Document Detail


Ingestion of metal-nanoparticle contaminated food disrupts endogenous microbiota in zebrafish (Danio rerio).
MedLine Citation:
PMID:  23262071     Owner:  NLM     Status:  Publisher    
Abstract/OtherAbstract:
Nanoparticles (NPs) can be ingested by organisms, and NPs with antimicrobial properties may disrupt beneficial endogenous microbial communities and affect organism health. Zebrafish were fed diets containing Cu-NPs or Ag-NPs (500 mg kg(-1) food), or an appropriate control for 14 d. Intestinal epithelium integrity was examined by transmission electron microscopy, and microbial community structure within the intestine was assessed by denaturing gradient gel electrophoresis (DGGE) of partial 16S rRNA. No lesions were observed in intestinal epithelia; however, presence of NPs in diets changed intestinal microbial community structure. In particular, some beneficial bacterial strains (e.g., Cetobacterium somerae) were suppressed to non-detectable levels by Cu-NP exposure, and two unidentified bacterial clones from the Firmicutes phylum were sensitive (not detected) to Cu, but were present in Ag and control fish. Unique changes in zebrafish microbiome caused by exposure to Ag-NP and Cu-NP indicate that NP ingestion could affect digestive system function and organism health.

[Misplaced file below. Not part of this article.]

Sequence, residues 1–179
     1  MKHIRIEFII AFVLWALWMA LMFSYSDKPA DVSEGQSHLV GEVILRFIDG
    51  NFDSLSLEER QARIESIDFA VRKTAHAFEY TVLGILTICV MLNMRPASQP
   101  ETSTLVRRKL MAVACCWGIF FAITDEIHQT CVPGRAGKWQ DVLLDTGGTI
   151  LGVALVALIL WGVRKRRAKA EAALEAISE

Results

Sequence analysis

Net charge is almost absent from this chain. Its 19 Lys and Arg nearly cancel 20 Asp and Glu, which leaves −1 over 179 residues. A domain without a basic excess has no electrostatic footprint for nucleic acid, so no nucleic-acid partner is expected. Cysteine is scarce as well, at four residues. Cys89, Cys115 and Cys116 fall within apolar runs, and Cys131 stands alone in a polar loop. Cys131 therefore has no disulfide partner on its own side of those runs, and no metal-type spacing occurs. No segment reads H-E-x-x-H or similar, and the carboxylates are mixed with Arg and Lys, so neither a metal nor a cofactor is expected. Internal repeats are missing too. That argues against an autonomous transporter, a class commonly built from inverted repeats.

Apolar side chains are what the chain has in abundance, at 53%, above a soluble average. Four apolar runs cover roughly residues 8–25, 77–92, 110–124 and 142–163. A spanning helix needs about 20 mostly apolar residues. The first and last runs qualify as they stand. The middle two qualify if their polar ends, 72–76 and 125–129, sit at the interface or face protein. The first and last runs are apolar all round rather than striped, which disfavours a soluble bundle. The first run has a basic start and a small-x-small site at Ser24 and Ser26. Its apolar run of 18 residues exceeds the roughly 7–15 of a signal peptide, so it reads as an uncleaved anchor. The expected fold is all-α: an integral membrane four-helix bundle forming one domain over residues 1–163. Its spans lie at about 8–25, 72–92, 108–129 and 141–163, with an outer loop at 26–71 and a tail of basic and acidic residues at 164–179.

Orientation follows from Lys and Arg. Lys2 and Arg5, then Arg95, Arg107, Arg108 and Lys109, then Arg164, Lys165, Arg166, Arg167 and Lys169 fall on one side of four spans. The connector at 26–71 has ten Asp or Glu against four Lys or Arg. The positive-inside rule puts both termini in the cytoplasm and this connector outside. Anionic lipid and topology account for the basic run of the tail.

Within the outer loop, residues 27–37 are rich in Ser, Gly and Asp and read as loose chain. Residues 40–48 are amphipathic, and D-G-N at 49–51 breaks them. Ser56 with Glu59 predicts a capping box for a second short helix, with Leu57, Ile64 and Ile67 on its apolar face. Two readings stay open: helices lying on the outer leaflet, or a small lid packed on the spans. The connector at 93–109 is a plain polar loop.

Authors:
Daniel L Merrifield; Benjamin J Shaw; Glenn M Harper; Imad P Saoud; Simon J Davies; Richard D Handy; Theodore B Henry
Publication Detail:
Type:  JOURNAL ARTICLE     Date:  2012-12-19
Journal Detail:
Title:  Environmental pollution (Barking, Essex : 1987)     Volume:  174C     ISSN:  1873-6424     ISO Abbreviation:  Environ. Pollut.     Publication Date:  2012 Dec 
Date Detail:
Created Date:  2012-12-24     Completed Date:  -     Revised Date:  -    
Medline Journal Info:
Nlm Unique ID:  8804476     Medline TA:  Environ Pollut     Country:  -    
Other Details:
Languages:  ENG     Pagination:  157-163     Citation Subset:  -    
Copyright Information:
Copyright © 2012 Elsevier Ltd. All rights reserved.
Affiliation:
School of Biomedical and Biological Sciences, Plymouth University, 401 Davy Building, Drake Circus, Plymouth PL4 8AA, Devon, UK.
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